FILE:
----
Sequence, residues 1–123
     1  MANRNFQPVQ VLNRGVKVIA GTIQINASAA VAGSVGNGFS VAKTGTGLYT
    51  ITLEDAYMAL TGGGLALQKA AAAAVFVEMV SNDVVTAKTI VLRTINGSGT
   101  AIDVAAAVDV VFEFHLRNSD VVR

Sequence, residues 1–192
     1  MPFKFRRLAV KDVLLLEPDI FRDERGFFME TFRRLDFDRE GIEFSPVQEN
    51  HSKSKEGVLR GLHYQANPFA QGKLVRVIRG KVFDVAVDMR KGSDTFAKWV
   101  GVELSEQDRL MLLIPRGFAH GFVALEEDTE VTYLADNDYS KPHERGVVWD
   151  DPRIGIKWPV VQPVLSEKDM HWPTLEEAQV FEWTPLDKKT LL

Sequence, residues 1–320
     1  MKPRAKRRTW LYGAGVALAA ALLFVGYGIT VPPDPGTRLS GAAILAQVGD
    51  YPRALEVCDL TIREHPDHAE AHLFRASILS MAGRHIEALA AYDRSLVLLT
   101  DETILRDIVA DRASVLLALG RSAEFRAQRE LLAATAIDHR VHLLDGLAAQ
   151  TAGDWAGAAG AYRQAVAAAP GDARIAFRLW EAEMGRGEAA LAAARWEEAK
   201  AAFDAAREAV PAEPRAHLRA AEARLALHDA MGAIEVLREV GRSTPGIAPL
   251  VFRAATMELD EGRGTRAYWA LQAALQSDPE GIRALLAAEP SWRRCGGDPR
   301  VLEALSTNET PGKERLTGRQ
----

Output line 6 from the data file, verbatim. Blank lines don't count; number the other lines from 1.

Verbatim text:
     1  MPFKFRRLAV KDVLLLEPDI FRDERGFFME TFRRLDFDRE GIEFSPVQEN